The latest crackdown, which began on Aug. 25, 2017, in response to attacks on police posts and an army base by Rohingya militants, saw government soldiers and local militias rampage through Rakhine state, torching villages, committing murder and mass rape as they went.

At the peak of the crisis, thousands of Rohingya were crossing the border into Bangladesh on a daily basis, most of them walking for days through jungles and mountains or braving dangerous sea voyages across the Bay of Bengal. Some 600,000 remain in Rakhine state, including around 120,000 who are confined to camps.

The vast majority who reached Bangladesh were women and children — more than 40 percent of them under the age of 12, according to the UN’s refugee agency. Many have ended up in sprawling refugee camps in Kutupalong and Nayapara in the Bangladesh district of Cox’s Bazar.




“You have these very large geopolitical machinations going on between superpowers, nuclear powers. Minority groups like the Rohingya simply don’t fit into that equation.”

The Kutupalong refugee settlement now hosts more than 600,000 people in an area of just 13 square kilometers.

Burdened with the responsibility of hosting this huge influx, Bangladesh is eager to send the Rohingya back to Myanmar. However, the majority refuse to leave, fearing further violence and persecution in a country that denies them citizenship.

Ibrahim says the chances of Rohingya refugees returning any time soon are low.

 




Dr. Azeem Ibrahim, a director at the Center for Global Policy

“It has always been the case that when the military’s popularity declines, it increases campaigns against these minority groups. So, the immediate term for the Rohingya doesn't look good and the probability of the repatriation of the Rohingya, which was already next to zero, has diminished significantly further,” he said.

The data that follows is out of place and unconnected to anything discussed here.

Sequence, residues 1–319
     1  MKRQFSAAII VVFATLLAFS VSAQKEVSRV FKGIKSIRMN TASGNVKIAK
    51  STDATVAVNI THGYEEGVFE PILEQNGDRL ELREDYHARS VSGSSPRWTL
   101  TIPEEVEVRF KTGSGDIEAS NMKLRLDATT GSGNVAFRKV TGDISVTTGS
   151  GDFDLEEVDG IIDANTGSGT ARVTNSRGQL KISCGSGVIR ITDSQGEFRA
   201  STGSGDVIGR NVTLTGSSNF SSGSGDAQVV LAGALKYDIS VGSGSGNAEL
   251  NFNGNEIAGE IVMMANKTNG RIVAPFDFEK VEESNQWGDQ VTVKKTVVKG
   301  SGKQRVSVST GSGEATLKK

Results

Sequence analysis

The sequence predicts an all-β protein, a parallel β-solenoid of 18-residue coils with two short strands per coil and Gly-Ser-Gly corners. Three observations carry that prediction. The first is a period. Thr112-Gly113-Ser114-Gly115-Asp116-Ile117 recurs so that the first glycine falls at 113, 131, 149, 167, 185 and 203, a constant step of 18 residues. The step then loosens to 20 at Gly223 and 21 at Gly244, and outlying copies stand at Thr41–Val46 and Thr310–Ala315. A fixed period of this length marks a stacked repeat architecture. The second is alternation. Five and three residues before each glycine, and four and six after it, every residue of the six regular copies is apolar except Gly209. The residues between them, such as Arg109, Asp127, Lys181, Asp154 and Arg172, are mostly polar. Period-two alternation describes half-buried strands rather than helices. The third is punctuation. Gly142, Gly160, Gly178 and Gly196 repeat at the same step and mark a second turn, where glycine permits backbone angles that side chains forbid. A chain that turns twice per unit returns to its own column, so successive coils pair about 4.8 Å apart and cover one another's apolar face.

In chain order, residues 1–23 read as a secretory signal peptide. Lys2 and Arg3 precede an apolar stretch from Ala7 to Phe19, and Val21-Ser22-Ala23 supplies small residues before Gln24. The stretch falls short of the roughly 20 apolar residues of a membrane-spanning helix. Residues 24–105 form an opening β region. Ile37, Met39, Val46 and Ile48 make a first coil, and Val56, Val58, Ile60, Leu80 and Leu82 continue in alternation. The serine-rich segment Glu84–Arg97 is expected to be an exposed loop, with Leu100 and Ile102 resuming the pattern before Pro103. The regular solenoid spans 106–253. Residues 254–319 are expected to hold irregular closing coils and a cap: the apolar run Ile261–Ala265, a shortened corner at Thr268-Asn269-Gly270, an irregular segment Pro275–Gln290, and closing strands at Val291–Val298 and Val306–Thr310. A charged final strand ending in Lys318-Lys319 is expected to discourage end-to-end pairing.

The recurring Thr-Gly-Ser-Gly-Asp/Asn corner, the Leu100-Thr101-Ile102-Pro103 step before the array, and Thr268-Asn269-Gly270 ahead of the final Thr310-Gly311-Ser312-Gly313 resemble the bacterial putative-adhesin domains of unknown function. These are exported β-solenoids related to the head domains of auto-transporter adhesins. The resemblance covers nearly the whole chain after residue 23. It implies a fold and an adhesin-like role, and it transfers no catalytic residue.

“The Myanmar military has spent over half a century trying to get rid of them. They finally did so in 2017. The probability of military backtracking on any of this is very slim.”

In large part this is due to the military’s deliberate effort to quickly change the facts on the ground, making it very difficult to reverse the process of ethnic cleansing.




Many Rohingya have ended up in sprawling refugee camps in Kutupalong and Nayapara in the Bangladesh district of Cox’s Bazar. (AFP)

“The reality is the Rohingya have actually got nowhere to return back to,” said Ibrahim. “When they were driven over the border into Bangladesh, the Myanmar military very swiftly mined the border to make sure none of them could come back.

“They also burned down their villages, bulldozed their land, and the land has already been redistributed to local Buddhists. The facts on the ground have changed.”

One concern among human-rights observers now is whether the coup will impact the pending genocide case against Myanmar at the International Court of Justice (ICJ), the principal judicial organ of the UN seated in The Hague.

“I think this is highly unlikely, because the case was not against a civilian government or a military — the case is actually against the state of Myanmar, and the state still remains completely intact,” said Ibrahim.